Coffin, Caroline and Donohue, James P.
Academic literacies and systemic functional linguistics: how do they relate?
Journal of English for Academic Purposes, 11(1) pp. 64–75.
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Two approaches have arisen in response to the challenges of teaching English for Academic Purposes in university in recent years: systemic functional linguistics (SFL) in Australia and elsewhere (e.g. Hood, 2006; Woodward-Kron, 2009; Lee, 2010) and Academic Literacies in the UK and elsewhere (e.g. Lillis and Scott, 2008; Thesen and Pletzen, 2006; Turner, 2004). Although these approaches both draw from similar ethnographic and sociocultural traditions, they have sometimes emphasised contrasting aspects of EAP. SFL has employed linguistic analysis to establish the nature of disciplinary discourses and ways of encouraging students to engage in these discourses; research and pedagogy have concentrated on texts, language in use and the language system. Academic Literacies has maintained a strong commitment to ethnographic investigation and to critiquing dominant academic and institutional practices; methods have concentrated on identifying practices, student identities, and conflicts that individual language users experience in university writing.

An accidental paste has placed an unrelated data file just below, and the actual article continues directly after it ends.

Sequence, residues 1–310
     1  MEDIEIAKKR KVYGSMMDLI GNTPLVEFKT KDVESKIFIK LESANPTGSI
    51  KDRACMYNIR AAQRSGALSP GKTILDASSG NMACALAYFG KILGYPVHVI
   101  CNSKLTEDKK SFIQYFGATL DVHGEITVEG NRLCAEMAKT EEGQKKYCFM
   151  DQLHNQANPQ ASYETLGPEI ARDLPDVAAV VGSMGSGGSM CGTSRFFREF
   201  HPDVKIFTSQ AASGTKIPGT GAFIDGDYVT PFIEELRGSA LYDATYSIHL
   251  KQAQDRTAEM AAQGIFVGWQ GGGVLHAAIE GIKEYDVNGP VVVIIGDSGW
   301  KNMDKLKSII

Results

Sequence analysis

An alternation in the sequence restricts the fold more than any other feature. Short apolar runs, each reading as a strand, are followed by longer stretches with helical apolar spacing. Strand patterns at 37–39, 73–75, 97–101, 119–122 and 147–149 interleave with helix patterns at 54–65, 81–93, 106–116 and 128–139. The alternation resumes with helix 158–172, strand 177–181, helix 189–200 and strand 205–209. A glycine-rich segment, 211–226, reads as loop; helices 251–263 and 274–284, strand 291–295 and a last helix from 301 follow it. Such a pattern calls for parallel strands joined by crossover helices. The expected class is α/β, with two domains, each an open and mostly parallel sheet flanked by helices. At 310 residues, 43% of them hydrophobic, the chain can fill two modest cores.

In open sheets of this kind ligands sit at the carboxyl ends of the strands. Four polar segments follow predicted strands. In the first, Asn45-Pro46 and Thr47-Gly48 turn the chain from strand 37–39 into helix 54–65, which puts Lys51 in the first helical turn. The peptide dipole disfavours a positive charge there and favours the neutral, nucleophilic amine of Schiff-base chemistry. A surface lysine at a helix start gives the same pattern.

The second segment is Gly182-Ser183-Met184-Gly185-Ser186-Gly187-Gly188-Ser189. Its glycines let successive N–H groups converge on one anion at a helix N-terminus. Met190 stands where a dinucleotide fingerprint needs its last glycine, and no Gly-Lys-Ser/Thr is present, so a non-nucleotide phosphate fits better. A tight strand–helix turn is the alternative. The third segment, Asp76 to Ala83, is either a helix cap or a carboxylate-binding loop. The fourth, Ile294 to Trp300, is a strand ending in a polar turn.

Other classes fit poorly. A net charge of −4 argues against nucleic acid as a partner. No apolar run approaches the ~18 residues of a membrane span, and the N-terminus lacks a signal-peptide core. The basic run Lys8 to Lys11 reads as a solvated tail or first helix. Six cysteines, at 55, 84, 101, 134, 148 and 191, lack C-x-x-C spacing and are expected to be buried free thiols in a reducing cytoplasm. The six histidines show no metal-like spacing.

This article compares and contrasts the two approaches by reviewing their two literatures, uncovering key questions that characterise each, and illuminating similarities and difference in epistemology and methodology. The article concludes by recognising high levels of complementarity between the two approaches and their mutual potential to enhance our understanding and practice of the teaching of EAP through dialogue and collaboration around text oriented and practices oriented EAP.
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